As can be seen from FIG. 1, a pronged plate 1 according to the invention has a longitudinally extending, slightly curved part 2 which is formed with holes 3 for the insertion of screws. In its end region which is at the top in the drawing, the plate 1 is provided with four prongs 5 projecting at an angle of about 80°. As FIG. 2 shows, the plate 1 has a width which increases towards the prongs 5. Moreover, it is formed with five apertures 3, the lowest perforation 3a having the shape of a slot.
As can be seen from FIG. 3, the prongs 5 include angle α of about 20° with the first plane 20 which includes the longitudinal axis of the plate 1 and is generally perpendicular to the part 2, in contact with the shaft of the bone, of the plate 1. The axes of the prongs are longitudinal axes angularly extends from a face of a plate and generally lying in a plane transverse to the axis of the plate. The axes of these prongs define the angle α with the first axial plane as defined above. This effectively prevents the articular part from sliding off the prongs 5. For use on the right half or left half of the body, the prongs 5 can point respectively to one side or the other relative to the part 2, so that it is possible to speak of left-handed or right-handed pronged plates 1.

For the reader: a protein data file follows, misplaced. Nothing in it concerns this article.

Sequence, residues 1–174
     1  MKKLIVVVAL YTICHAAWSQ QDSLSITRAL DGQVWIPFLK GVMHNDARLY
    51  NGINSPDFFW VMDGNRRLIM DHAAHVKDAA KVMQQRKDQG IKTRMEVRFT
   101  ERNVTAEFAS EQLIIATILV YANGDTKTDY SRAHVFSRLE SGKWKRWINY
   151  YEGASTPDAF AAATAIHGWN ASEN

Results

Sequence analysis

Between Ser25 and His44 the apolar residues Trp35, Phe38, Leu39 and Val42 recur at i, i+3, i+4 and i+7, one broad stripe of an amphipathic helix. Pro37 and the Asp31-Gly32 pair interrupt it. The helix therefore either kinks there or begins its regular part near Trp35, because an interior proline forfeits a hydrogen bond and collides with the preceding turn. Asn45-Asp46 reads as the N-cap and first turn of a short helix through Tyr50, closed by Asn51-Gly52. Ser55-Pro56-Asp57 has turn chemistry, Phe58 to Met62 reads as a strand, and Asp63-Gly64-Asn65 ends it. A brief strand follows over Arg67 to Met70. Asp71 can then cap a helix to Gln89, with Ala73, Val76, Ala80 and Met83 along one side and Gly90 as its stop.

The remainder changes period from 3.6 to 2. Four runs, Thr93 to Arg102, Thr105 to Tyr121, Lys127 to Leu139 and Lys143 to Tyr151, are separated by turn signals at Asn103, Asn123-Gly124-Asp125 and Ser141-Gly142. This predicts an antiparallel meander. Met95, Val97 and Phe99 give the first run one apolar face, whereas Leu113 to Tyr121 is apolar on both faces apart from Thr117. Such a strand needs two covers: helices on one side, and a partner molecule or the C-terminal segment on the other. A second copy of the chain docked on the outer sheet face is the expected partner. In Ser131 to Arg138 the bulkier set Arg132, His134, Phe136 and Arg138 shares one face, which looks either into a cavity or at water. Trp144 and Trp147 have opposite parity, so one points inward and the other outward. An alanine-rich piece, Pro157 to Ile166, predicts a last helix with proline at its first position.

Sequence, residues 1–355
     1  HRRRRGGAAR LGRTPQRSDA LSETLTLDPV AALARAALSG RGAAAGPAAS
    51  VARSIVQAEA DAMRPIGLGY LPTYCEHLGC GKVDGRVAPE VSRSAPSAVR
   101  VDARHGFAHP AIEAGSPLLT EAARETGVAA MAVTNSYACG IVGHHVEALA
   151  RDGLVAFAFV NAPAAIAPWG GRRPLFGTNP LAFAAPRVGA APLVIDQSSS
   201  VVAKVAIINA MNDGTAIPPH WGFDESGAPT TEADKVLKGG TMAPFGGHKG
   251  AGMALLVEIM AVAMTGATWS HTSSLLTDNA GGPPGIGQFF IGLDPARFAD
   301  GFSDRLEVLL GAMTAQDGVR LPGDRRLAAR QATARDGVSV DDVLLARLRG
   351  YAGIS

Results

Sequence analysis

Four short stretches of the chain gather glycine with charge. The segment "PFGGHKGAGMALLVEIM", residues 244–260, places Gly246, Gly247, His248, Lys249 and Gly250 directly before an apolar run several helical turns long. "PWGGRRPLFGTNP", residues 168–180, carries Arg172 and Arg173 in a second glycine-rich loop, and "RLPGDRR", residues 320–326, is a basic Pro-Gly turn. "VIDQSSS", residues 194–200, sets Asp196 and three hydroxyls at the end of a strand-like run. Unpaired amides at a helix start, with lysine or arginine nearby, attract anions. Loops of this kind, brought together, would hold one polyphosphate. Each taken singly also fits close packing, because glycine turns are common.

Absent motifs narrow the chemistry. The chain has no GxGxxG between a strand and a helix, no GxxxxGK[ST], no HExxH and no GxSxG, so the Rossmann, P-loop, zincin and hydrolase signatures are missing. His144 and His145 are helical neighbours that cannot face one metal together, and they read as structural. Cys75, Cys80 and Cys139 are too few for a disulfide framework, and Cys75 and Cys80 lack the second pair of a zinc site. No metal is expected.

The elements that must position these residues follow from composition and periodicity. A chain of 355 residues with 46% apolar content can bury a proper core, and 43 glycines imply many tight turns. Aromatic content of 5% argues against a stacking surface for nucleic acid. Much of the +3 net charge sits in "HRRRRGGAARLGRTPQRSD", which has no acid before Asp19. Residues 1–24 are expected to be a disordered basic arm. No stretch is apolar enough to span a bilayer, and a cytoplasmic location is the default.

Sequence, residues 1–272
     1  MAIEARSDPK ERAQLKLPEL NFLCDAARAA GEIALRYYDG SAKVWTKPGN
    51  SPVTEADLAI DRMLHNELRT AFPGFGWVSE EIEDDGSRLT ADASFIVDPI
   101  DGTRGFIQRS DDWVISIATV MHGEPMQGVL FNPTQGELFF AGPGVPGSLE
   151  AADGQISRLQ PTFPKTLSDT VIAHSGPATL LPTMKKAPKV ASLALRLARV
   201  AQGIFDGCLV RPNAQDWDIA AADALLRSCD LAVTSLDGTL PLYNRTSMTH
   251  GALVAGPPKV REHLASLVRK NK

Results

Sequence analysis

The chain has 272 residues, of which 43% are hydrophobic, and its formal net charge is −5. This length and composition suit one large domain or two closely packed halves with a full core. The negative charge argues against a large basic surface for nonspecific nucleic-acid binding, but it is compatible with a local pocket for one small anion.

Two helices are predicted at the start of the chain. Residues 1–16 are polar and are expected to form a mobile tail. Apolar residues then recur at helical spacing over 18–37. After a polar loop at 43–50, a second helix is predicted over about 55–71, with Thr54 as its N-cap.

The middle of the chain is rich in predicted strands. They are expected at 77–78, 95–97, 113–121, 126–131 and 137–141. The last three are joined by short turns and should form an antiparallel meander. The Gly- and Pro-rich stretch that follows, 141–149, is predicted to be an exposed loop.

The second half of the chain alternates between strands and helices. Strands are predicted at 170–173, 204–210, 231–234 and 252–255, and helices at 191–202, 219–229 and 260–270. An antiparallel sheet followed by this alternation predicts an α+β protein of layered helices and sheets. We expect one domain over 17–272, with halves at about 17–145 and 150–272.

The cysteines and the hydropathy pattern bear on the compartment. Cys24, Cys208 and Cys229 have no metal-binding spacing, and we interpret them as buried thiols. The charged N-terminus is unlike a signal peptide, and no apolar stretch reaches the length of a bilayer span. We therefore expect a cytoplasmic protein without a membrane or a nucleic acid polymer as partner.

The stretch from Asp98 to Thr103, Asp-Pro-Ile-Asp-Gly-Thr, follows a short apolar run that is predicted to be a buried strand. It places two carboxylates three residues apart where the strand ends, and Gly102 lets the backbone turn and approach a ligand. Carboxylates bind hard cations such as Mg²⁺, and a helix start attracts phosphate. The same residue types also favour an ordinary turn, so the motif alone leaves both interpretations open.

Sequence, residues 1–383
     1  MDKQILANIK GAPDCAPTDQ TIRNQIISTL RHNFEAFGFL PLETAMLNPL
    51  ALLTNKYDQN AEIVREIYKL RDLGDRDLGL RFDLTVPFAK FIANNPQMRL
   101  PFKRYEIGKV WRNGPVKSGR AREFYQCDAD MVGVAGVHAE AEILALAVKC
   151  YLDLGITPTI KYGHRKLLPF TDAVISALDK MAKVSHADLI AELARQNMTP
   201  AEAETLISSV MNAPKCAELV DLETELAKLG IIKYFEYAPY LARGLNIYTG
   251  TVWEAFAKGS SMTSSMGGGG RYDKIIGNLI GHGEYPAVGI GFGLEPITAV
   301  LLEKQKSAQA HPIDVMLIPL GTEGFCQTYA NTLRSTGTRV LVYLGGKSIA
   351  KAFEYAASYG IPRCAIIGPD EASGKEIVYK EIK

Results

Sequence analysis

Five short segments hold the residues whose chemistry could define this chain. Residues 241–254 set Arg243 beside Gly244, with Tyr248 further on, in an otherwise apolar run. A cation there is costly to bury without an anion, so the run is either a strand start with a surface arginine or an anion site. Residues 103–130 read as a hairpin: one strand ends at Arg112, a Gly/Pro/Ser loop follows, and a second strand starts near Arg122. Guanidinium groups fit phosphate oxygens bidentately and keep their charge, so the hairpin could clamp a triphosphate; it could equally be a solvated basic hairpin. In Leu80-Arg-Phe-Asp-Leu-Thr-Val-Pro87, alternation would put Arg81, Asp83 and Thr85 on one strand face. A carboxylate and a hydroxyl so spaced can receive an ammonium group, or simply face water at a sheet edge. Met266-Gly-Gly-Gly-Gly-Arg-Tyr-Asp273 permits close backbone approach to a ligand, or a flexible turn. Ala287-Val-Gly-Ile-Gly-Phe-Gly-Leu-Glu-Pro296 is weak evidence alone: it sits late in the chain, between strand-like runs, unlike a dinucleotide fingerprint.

In FIGS. 1 and 2, a radius 10 is also shown in broken lines, in which there is a typical fracture 11 in the region of the part which carries the articulation, that is to say the part remote from the body. Since the part 13, which carries the articulation, of the radius 12 has a porous structure and since, moreover, the size of the possible support area for the plate 1 is relatively small, the latter is fixed in the fragment 13 carrying the articulation by means of the four prongs 5 which project from the plate 1 and are inserted into the fragment 13 carrying the articulation.